Ohio State suspends Meyer for three games along with athletic director for mishandling domestic abuse case

By David Wharton

Los Angeles Times

Ohio State football coach Urban Meyer will be suspended for the first three games of the upcoming season as penalty for mishandling of domestic violence allegations against a former assistant.

The decision was announced late Wednesday after a marathon session by university board members, who deliberated behind closed doors from morning until well into the night.

Athletic director Gene Smith will be suspended from Aug. 31 to Sept. 16.

Meyer was placed on administrative leave this month while the university determined what he knew —and when he knew —about accusations leveled against receivers coach Zach Smith over the last nine years.

The coach fired Smith last month, telling reporters he had only recently became aware of the full scope of the situation.

“My words, whether in reply to a reporter’s question or in addressing a personnel issue, must be clear, compassionate and most of all, completely accurate,” Meyer said in a public apology. “Unfortunately … I failed on many of these fronts.”

The controversy dates to 2009, when Meyer was at Florida and Zach Smith was an intern on his staff. After an alleged incident arose between Smith and his former wife, Meyer said he spoke to the couple but took no further action.

“It came back to me that what was reported wasn’t actually what happened,” he said.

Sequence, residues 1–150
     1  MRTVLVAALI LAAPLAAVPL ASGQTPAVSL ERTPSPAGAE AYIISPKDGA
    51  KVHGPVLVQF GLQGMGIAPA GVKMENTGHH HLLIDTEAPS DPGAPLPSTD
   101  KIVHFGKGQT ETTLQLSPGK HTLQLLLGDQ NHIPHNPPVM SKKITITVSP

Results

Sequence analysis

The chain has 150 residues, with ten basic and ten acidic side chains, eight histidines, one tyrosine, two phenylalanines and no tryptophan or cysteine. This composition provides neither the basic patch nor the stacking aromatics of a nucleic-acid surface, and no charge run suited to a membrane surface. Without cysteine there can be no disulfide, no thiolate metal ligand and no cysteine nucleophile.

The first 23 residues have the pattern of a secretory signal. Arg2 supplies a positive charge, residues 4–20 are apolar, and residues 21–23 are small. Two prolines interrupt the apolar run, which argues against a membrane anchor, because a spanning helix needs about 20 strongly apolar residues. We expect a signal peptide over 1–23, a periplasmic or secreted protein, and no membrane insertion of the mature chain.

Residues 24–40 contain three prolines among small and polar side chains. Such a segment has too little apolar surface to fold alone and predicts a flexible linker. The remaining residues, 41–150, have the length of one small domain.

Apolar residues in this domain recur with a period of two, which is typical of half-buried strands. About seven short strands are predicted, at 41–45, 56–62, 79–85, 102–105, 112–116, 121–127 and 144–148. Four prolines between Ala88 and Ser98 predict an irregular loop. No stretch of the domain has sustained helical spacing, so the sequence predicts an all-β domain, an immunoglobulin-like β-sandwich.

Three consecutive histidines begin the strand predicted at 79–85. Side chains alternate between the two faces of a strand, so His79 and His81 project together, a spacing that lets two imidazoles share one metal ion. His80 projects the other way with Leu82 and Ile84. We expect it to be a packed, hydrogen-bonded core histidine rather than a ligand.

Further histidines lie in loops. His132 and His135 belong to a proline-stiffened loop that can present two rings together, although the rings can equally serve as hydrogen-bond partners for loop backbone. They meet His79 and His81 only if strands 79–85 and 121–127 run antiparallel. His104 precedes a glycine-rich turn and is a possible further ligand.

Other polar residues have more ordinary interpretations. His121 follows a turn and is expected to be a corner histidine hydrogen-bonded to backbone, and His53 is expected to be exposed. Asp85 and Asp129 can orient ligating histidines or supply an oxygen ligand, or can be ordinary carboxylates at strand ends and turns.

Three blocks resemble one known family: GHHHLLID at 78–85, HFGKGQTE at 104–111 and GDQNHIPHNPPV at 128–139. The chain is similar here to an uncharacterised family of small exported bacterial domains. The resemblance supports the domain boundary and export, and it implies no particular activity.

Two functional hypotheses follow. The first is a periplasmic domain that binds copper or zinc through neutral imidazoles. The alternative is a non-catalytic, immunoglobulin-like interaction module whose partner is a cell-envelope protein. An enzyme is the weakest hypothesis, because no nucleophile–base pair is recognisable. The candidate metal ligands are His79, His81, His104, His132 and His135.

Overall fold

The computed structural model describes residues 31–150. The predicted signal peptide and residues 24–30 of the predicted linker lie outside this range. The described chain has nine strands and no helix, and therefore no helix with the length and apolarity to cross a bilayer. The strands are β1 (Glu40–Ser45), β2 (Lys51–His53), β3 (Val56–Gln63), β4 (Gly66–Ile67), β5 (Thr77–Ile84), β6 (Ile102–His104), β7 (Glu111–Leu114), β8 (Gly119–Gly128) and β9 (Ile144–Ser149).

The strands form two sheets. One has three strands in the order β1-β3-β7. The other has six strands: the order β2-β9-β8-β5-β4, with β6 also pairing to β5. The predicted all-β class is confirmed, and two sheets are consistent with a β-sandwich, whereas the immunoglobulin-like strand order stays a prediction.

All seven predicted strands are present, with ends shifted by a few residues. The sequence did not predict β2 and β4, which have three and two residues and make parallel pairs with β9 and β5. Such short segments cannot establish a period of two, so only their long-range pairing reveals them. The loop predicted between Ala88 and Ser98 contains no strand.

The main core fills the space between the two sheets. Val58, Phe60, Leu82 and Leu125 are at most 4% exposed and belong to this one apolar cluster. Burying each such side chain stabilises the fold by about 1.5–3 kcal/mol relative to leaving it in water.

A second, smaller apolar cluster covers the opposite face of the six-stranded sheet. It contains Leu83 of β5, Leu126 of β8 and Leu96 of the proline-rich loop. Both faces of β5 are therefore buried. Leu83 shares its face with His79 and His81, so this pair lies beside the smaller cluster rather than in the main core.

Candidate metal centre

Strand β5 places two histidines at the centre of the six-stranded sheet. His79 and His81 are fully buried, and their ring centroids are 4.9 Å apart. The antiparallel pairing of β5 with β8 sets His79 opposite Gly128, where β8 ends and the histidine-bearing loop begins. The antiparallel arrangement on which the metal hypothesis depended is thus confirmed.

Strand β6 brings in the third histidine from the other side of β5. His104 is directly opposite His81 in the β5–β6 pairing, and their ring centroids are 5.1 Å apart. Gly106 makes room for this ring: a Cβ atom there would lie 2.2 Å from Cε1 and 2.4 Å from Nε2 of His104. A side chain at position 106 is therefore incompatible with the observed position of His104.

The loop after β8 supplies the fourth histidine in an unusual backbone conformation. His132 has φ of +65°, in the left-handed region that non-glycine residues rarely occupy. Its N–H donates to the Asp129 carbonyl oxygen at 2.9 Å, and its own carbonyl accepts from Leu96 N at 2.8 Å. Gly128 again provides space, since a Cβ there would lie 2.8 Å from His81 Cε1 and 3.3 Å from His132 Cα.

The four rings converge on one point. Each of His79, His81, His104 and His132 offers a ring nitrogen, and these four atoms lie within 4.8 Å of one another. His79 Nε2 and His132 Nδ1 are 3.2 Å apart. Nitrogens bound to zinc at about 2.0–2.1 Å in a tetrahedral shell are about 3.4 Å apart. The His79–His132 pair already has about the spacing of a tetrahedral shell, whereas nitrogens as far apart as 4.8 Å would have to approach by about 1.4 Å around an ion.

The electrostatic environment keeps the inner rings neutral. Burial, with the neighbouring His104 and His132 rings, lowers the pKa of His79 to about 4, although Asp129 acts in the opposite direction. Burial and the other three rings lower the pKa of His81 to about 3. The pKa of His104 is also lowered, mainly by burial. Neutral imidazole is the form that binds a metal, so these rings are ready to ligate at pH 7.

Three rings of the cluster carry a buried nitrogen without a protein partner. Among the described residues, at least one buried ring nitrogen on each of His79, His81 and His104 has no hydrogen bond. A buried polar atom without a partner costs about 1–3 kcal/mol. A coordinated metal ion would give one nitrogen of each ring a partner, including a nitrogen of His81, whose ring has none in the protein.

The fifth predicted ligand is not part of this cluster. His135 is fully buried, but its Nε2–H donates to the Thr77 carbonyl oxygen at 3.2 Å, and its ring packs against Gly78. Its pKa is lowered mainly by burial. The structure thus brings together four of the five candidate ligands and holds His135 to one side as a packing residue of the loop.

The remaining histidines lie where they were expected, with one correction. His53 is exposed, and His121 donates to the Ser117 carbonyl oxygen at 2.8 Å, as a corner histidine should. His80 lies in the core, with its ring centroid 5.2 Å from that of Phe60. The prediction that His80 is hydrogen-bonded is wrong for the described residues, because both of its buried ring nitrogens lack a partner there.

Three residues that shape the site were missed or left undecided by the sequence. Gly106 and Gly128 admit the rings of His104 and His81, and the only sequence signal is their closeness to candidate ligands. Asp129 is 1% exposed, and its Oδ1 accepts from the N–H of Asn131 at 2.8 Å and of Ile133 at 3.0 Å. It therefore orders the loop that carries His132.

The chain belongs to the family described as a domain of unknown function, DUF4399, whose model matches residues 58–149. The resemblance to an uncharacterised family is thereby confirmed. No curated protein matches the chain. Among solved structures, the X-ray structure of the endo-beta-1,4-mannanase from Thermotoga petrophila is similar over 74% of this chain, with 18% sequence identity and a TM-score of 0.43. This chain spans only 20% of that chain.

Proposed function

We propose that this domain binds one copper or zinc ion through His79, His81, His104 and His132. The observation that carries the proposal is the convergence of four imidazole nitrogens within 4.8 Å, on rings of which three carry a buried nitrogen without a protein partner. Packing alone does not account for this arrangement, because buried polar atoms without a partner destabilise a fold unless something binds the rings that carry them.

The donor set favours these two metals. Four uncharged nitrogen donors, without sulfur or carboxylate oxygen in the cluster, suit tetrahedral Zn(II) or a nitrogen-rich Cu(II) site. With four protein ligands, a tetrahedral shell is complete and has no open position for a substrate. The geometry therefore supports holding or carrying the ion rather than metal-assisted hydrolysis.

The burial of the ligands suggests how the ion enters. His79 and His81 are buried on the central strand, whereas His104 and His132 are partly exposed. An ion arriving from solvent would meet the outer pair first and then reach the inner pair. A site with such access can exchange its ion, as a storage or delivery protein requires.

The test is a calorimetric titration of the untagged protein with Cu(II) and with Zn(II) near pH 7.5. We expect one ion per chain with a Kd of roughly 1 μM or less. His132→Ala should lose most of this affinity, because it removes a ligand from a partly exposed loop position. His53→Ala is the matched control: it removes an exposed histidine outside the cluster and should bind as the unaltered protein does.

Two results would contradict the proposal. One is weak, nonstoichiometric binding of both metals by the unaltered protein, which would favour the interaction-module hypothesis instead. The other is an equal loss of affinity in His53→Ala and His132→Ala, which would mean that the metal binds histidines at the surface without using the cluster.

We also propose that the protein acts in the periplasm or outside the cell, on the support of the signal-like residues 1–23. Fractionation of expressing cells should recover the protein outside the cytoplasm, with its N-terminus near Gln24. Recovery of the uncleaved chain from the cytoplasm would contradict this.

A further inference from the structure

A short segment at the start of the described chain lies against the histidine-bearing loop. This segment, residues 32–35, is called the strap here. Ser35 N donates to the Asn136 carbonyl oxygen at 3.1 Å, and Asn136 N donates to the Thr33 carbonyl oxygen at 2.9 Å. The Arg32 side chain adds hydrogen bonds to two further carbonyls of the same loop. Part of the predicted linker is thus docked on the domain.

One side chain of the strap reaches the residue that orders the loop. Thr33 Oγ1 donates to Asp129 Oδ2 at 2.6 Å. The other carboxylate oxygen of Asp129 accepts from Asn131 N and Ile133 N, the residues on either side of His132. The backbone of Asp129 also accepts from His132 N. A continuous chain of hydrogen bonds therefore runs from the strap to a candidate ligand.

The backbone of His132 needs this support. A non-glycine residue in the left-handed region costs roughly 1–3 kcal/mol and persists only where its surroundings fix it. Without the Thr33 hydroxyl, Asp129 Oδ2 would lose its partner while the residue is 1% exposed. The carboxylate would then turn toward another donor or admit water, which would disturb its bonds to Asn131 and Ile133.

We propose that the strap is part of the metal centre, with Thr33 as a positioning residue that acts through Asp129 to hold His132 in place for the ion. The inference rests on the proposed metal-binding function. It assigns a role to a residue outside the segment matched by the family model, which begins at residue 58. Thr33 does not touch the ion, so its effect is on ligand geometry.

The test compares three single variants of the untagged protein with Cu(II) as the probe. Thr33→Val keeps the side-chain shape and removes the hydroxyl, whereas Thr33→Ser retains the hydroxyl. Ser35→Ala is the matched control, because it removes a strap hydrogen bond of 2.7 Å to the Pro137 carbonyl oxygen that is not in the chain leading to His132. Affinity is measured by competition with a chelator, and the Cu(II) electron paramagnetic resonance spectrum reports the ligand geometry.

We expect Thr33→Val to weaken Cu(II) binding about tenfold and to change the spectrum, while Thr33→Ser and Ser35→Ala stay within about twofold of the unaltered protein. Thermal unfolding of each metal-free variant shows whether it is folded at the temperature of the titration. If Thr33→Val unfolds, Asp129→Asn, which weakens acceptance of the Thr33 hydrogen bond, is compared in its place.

Another allegation surfaced in 2015, by which time Meyer had jumped to Ohio State and brought Smith with him. No charges were filed and the incident did not receive public attention.

But this summer, an Ohio judge issued a protective order on behalf of Courtney Smith and the story made its way into the spotlight, thanks mainly to an article by college football reporter Brett McMurphy.

It was at that point Meyer dismissed Zach Smith.

Speaking to reporters at the Big Ten Conference media days, the coach denied any previous knowledge of the 2015 allegation. Smith told a different story.

The former assistant said he had conferred with his boss and Gene Smith at the time. He expressed confusion at Meyer pleading ignorance three years later.

“I don’t know what he was thinking. Not really,” Smith told ESPN. “He knows everything that has gone on in my marriage that he needed to know.”

Ohio State subsequently created a special working group to investigate.

Meyer’s suspension represents a black mark on the record of a coach revered for guiding his teams to an 85 percent winning percentage, including national championships at Ohio State and Florida.